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Assuring quality of care for cancer survivors: The survivorship care plan

Carrie Tompkins Stricker, PhD, RN
Section Editor
Patricia A Ganz, MD
Deputy Editor
Sadhna R Vora, MD


The term "cancer survivor" has been used variably in the literature; most commonly, a cancer survivor refers to any person who has been diagnosed with cancer. Therefore, survivorship begins at the time of diagnosis and includes the periods of initial treatment with intent to cure, cancer-free survival, chronic or intermittent disease, and palliative care [1]. For the purposes of this topic, we will focus on the post-treatment period of survivorship.

There are now over 14 million cancer survivors in the United States [2] and close to 30 million survivors worldwide [3]. Following cancer treatment, the roles and responsibilities for survivorship care should be well delineated for both patients and their providers, particularly during transitions. The follow-up of cancer survivors can be shared among the primary care provider (PCP), medical oncologist, and other cancer specialists, and is often transitioned to the PCP after the period of highest risk for disease recurrence (often five years, but sometimes longer). For survivors, the transition from oncology to primary care settings should be guided by the survivorship care plan (SCP), which is developed by the oncology team at the completion of treatment and is meant to be shared with the patient and his or her providers, including the PCP.

This topic will address the evidence supporting SCPs in cancer survivors, implementation, and barriers to implementation. An overview of cancer survivorship care for primary care and oncology providers is provided separately. (See "Overview of cancer survivorship care for primary care and oncology providers".)


Following completion of initial treatment, more than 60 percent of adults diagnosed with cancer are expected to become long-term cancer survivors, living five years or more following their cancer diagnosis [4]. At present, it is estimated that there are more than 14 million cancer survivors living in the United States [4], and close to 30 million globally [3,5]. This number is expected to grow due to improvements in cancer screening [6], increases in life expectancy following definitive cancer treatment [2,6], and the aging of the population [7]. By 2024, it is anticipated that there will be an estimated 19 million cancer survivors in the United States [8]. (See "Overview of cancer survivorship care for primary care and oncology providers", section on 'Epidemiology of cancer survivors'.)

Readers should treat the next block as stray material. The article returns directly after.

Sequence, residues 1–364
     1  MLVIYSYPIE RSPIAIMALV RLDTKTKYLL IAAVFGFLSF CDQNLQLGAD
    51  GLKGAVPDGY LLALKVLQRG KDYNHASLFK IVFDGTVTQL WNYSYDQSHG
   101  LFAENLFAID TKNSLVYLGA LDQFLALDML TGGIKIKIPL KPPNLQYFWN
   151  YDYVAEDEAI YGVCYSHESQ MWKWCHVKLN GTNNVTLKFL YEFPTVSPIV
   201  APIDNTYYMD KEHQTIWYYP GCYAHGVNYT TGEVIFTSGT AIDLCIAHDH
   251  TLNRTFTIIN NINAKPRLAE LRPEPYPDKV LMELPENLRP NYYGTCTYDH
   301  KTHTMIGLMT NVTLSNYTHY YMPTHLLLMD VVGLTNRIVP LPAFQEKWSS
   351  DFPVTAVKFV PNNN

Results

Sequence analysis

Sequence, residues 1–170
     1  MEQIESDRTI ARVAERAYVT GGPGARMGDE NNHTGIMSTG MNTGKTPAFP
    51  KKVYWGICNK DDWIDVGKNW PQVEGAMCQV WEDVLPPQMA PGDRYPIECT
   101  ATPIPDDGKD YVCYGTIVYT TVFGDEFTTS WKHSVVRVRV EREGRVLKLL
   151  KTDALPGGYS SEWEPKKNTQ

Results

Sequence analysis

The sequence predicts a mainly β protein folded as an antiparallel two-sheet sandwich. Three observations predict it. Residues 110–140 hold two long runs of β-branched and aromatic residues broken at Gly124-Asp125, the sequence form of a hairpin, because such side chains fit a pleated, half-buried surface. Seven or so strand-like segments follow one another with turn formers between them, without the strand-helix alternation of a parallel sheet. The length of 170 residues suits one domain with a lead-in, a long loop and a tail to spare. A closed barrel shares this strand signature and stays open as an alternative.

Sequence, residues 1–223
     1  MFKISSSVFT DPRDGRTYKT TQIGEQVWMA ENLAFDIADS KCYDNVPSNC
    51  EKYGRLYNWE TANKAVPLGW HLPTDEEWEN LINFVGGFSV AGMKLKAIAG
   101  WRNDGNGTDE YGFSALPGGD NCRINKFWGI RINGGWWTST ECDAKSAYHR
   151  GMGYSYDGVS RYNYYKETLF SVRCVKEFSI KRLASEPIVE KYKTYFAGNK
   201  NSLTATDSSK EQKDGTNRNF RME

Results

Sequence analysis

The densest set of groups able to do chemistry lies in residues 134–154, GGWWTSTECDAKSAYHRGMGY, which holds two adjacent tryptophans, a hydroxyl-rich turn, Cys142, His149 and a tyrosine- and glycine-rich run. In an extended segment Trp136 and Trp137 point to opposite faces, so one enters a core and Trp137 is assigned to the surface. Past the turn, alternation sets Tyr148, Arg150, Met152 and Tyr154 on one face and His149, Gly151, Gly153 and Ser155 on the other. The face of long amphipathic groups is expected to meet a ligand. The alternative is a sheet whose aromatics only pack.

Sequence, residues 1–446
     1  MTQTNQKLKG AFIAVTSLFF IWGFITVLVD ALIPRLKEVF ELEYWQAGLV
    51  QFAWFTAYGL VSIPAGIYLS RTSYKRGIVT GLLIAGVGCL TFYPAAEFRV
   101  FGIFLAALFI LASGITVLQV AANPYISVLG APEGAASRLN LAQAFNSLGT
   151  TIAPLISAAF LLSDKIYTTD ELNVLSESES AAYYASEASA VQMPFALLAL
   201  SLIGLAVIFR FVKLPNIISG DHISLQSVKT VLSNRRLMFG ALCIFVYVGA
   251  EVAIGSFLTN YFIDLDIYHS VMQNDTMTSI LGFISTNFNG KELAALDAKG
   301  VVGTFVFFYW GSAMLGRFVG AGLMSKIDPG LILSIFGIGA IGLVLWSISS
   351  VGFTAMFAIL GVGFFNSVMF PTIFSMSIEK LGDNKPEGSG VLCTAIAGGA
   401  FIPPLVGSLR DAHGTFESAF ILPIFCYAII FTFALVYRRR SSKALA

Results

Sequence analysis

These gains in survival are not without cost, and cancer survivors are at risk for a broad array of potential long-term and late effects of treatment. These include recurrent and new malignancies; increased morbidity and mortality from cardiovascular, skeletal, and other diseases; myriad physical effects such as peripheral neuropathy and lymphedema; and psychosocial distress that may impact work and social relationships [9,10]. Expecting life to be better after cancer treatment may not be a correct assumption for all cancer survivors. One-third of cancer survivors have persisting symptoms that are similar to those they suffered during active treatment; fatigue, pain, depression, and sleep disruption are the most common across different malignancies [11]. An increased number of symptoms and poorer quality of life have been found with younger age, lower socioeconomic status, and a higher number of comorbidities [12]. (See "Cancer-related fatigue: Prevalence, screening and clinical assessment".)

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Literature review current through: Nov 2017. | This topic last updated: Mar 09, 2016.
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